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  Fast Weight Loss Diet

Why the "Fat Burning Zone" Is a Myth
by Jonny Bowden, M.A., C.N.S.

I want you to do me a favor. I know you're gonna hate it, but please do it anyway. I promise you it'll make life so much simpler, make things so much clearer, and save us so much time in the coming months.

I want you to go back to school with me for a minute, and review some math.

Now, when I teach this stuff to trainers, as soon as they hear "math" their eyes glaze over and they look like a collective herd of deer caught in the headlights of a Mack truck. But, honestly, how are you going to talk sensibly about calories, diets like "40/30/30," percentages of calories from protein, decoding a food label, or anything else along those lines without unfuzzy-ing up some of the basics in the math department?

Which brings me to the area of "fat burning" zones.

See, one of the biggest misunderstandings and "myth-conceptions" in the field of exercise and weight loss has been around the field of fat burning. Aerobic teachers are constantly admonishing their students to work at a slower rate so they can "burn more fat." Almost all cardio equipment in the gym has a "fat burning" program, and we fitness professionals are constantly bombarded with questions from clients about how to get their heart rate in the target "fat burning zone."

The misconceptions come from a basic confusion between percentages and absolute amounts. See, at rest, the body is always burning a mix of fuels. All other things being equal, it doesn't like to burn protein, so that leaves fats and carbohydrates (more technically, fatty acids and glucose). At rest, the "average" person burns about 70 percent fat and 30 percent carbs. As one moves from rest to activity, the percentage of fuel coming from fat decreases and the percentage coming from carbs increases. The more intense the exercise, the more carbs and the less fat in the mix, until you reach the point called the "anaerobic threshold" where you're going at about your intensity limit. At that point, 99 percent or more of your fuel is pure carbohydrate and 1 percent or less is coming from fat.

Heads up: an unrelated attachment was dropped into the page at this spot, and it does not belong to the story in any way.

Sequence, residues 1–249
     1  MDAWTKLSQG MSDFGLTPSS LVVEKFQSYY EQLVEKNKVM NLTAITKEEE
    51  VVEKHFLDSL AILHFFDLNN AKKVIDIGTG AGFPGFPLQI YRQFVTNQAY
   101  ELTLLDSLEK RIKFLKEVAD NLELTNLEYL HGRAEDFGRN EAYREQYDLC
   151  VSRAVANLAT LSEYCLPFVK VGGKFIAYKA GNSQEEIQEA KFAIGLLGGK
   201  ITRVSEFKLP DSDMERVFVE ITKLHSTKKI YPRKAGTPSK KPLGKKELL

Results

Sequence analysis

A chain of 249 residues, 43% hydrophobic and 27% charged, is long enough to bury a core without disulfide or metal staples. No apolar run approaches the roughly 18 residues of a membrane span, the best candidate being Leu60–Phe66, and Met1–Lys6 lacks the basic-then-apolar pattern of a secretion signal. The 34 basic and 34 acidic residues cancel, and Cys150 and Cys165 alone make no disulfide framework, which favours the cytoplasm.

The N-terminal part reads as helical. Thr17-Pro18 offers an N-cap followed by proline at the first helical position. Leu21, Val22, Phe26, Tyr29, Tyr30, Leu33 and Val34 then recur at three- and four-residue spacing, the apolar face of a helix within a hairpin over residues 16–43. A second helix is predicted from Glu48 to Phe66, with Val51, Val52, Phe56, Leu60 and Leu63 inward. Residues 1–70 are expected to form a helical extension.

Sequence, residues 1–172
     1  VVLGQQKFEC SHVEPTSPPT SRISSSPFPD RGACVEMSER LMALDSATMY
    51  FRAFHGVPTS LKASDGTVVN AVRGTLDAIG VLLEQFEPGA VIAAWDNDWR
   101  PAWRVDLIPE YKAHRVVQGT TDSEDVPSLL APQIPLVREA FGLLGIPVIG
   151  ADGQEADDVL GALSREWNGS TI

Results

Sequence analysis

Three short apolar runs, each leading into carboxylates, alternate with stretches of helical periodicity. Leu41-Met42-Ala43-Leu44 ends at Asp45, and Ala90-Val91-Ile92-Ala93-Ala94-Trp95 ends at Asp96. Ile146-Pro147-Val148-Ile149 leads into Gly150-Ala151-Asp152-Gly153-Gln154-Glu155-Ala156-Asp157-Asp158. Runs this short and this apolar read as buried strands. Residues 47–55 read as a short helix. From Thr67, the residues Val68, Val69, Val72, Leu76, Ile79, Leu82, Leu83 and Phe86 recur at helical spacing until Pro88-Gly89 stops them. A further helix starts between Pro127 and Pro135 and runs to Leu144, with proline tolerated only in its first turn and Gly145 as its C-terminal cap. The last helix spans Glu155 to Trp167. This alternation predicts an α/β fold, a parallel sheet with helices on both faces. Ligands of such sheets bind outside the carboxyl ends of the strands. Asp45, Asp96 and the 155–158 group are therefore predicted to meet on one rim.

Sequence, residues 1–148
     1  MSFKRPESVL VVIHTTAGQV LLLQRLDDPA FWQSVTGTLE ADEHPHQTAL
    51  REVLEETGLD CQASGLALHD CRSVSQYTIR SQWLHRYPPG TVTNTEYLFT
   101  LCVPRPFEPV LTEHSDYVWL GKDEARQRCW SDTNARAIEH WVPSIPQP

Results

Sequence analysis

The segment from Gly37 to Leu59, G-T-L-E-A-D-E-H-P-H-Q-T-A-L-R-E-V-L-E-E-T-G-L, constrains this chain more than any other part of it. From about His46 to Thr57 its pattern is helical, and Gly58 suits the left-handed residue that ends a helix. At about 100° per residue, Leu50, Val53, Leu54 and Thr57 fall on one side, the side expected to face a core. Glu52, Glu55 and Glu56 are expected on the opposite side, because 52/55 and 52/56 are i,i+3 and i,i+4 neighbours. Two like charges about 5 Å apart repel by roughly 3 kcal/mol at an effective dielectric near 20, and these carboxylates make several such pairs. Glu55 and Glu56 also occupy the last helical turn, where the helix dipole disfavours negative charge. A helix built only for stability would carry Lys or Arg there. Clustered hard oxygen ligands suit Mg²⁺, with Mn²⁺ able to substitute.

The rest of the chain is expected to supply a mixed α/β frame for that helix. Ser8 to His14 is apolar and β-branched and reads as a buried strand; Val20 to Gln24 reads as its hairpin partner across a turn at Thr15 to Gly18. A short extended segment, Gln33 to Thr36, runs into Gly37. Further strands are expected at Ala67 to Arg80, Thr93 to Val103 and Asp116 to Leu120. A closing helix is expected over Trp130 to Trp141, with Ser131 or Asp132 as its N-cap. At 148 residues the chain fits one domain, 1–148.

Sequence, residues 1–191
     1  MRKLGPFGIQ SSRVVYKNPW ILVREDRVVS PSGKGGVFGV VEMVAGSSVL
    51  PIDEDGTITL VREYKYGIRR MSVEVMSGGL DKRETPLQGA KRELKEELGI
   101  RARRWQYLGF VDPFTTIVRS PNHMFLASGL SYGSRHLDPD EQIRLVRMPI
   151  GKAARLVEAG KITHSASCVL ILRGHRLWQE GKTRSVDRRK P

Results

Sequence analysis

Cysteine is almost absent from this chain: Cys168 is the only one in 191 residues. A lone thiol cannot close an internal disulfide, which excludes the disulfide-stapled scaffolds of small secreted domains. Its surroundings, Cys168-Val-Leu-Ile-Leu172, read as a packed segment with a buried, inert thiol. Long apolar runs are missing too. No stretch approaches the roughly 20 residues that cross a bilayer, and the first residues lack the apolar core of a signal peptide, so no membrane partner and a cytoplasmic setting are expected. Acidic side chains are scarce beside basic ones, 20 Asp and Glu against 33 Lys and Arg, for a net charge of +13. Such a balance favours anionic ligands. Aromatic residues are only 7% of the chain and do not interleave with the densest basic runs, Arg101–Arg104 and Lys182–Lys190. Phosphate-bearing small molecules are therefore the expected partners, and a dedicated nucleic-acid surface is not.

Now, this situation has led many people to assume that in order to "burn fat" they need to exercise at lower intensities. They're missing the boat. Why? Because while at rest, although a higher percentage of your calories is indeed coming from fat, you are ultimately burning a lower absolute number of calories. At higher intensity exercise, the percentage of calories from fat goes down, true -- but it is a percentage of a significantly higher number.

To illustrate this critical difference, I often ask audiences to picture Ross Perot standing next to me. Then I ask them, "Would you rather have 90 percent of all the money I have in the world, or 3 percent of all the money Mr. Perot over here has?" When they give the obvious answer, I say, "But why? 90 percent is so much higher than 3 percent!"

They get the picture.

So, let's say you're exercising at a fairly low intensity that burns, oh, 100 calories in a half-hour. Let's say that 70 percent of those calories come from fat. Your neighbor, however, is working out much harder, outside the magical "fat burning" zone: She's burning up, say 300 calories in that same half hour, but only 50 percent of those calories are from fat. Now do the math. You're burning a higher percentage of fat, but 70 percent of your 100 calories equals 70 fat calories burned. Your neighbor, on the other hand, is burning a lower percentage of fat, but she has burned up 50 percent of 300 calories, or 150 fat calories, more than twice what you've burned in the same period of time!

source - http://www.steroidology.com/forum


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